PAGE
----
We were expecting to see the new iteration of the Oculus Rift arrive on developer's doorsteps earlier this month, but unfortunately it hit a couple of delays. Road to VR points out a Reddit thread where pre-orderers confirmed their credit cards have been charged ahead of shipping. Community manager cyberreality confirmed in the thread that it's happening, and the "DK2" hardware we (and Mark Zuckerberg) were so impressed by is ready to roll. The initial production run is only supposed to cover some 10,000 of the 45,000 units ordered, so for some your wait is just beginning (until next month). In the meantime, you can check out our hands-on video of the latest and greatest in virtual reality after the break (or the new X-Men related Comic-Con demo) -- hopefully Sony's Project Morpheus team responds to this as quickly as they did on Blu-ray 3D.

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That was fast. After Microsoft announced the Xbox One is going to get Blu-ray 3D support in an update soon, Sony's PlayStation Europe arm has responded by finally revealing the same feature is coming to the PS4. There's no word yet on any other other home theater related features we'd love to see make the jump from PS3 to PS4 (Bluetooth remote, DLNA, MP3 playback), or a specific release date, but software update 1.75 is the one we're looking forward to. It's hard to say which is the bigger coincidence -- that this feature is confirmed just days after the XB1 or that it comes as we're finding out about the PSN outage settlement. Hey, at least it's not another stability update.

Update: The PlayStation US Twitter account has chimed in and done one better -- mentioning that firmware 1.75 will arrive next week. Still no word on any other changes, but that will probably put it ahead of the Xbox One, and give you enough time to order Gravity in 3D from Amazon.

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Way back in 2011, PlayStation Network services and websites went dark due to "an external intrusion." Anonymous claimed responsibility, names, passwords and possible payment information was lost in a data breach, and everybody in general had a bad time. Sony apologized for the fiasco with a "Welcome Back" package, handing out free (older) games to anybody willing to turn their PlayStation back on -- but that wasn't the end of it. The company still had to face a class action lawsuit for losses caused by identity thefts and the needs of gamers who failed to participate in its apology giveaway before it closed. Now the company has reached a $15 million settlement. The short version? More free stuff.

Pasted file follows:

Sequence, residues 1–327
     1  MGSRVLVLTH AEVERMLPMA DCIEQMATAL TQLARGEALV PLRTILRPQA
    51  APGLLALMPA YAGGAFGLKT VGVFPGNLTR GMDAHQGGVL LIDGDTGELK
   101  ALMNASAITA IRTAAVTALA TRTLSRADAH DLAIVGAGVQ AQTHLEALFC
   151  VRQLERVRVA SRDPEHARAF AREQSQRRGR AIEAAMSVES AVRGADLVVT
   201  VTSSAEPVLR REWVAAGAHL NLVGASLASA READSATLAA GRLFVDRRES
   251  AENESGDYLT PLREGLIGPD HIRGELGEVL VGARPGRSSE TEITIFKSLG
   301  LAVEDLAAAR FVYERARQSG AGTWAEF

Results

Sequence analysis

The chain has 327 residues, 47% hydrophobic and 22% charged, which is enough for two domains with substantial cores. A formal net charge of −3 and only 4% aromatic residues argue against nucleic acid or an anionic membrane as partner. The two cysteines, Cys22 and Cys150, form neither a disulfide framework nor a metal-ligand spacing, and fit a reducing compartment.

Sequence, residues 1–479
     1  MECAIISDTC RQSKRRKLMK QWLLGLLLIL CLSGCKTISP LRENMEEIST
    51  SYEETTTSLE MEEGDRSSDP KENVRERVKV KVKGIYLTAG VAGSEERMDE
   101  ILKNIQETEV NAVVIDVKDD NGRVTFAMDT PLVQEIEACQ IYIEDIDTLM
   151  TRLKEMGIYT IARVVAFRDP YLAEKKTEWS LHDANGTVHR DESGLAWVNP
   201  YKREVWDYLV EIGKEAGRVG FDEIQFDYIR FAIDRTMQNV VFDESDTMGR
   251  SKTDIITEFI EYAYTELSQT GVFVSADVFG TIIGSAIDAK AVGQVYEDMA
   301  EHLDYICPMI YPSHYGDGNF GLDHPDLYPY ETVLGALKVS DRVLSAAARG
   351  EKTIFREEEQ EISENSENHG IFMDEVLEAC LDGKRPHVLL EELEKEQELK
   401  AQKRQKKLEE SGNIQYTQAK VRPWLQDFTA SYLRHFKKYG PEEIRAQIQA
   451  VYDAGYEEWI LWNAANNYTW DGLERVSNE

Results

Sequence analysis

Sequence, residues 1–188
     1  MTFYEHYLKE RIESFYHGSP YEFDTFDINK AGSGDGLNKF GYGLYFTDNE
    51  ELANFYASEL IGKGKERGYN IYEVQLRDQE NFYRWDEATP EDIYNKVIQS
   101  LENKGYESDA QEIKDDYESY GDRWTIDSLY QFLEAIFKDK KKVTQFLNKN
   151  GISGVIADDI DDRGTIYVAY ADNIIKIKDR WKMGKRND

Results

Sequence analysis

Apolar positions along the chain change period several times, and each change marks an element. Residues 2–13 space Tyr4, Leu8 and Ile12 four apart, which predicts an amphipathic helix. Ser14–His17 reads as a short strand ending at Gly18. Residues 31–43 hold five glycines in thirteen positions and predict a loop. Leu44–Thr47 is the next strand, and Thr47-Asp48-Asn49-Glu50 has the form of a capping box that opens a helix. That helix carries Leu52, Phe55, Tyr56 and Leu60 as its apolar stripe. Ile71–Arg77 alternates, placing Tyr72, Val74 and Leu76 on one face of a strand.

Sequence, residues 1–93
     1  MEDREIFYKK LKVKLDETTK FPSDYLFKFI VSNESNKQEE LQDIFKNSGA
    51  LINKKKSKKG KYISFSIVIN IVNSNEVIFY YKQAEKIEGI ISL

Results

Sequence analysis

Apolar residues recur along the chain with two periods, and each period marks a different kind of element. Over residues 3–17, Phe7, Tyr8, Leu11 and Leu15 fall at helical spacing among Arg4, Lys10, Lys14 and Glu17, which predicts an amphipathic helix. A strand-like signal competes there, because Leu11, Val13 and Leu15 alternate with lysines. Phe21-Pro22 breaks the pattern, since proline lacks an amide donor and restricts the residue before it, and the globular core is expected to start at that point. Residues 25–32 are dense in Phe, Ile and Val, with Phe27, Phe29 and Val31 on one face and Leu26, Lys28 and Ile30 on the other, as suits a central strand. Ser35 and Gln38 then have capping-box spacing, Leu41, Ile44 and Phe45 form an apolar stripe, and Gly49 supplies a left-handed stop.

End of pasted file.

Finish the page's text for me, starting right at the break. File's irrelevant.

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It's understandable if having a homicidal alien stab you in the chest isn't your cup of tea, so, thankfully, there are more than a few examples of virtual reality that aren't nearly as gruesome. Take The Shoebox Diorama, for example. It's a series of interactive illustrations for the Oculus Rift, each with a different theme; the latest is about sitting atop a tower of chairs, called The Great Gottlieb. As Kill Screen notes, developer Daniel Ernst describes its premise thusly: this mountain of seats was built by the greatest circus acrobat who ever lived because he wanted a little peace of mind. While seated you can even reach out and grab for a star in the 3D sky, like the kid up above is doing. Sounds pretty tranquil, no? To complete the effect, a recent installation was erected (there's a video of it embedded below), where players sat atop a real stack of chairs and had a fan blowing at the back of their head.

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Denon AVR-X5200W reciever with Dolby Atmos

If you're wondering just when you can envelop yourself in Dolby Atmos sound at home, Denon is more than happy to tell you. The home theater firm says it will launch two Atmos-equipped AV receivers, the X4100W and X5200W, in the US this October. Neither will be cheap, as the bleeding-edge tech implies. For $1,399, the X4100W delivers Dolby's all-encompassing audio in up to a 7.1.2-channel setup (seven regular speakers, one subwoofer, two overhead); splurge on the $1,999 X5200W and you can add two extra speakers to the mix, whether they're on the ground or the ceiling. Either will bring the media support you'd expect for that kind of outlay, including 4K video processing and media sharing over AirPlay or DLNA. That's a lot of cash to shell out to add an extra dimension to your surround sound, but Denon is undoubtedly targeting very high-end living room setups -- if you didn't flinch at buying an expensive 4K TV, these receivers are for you.

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Cable Modem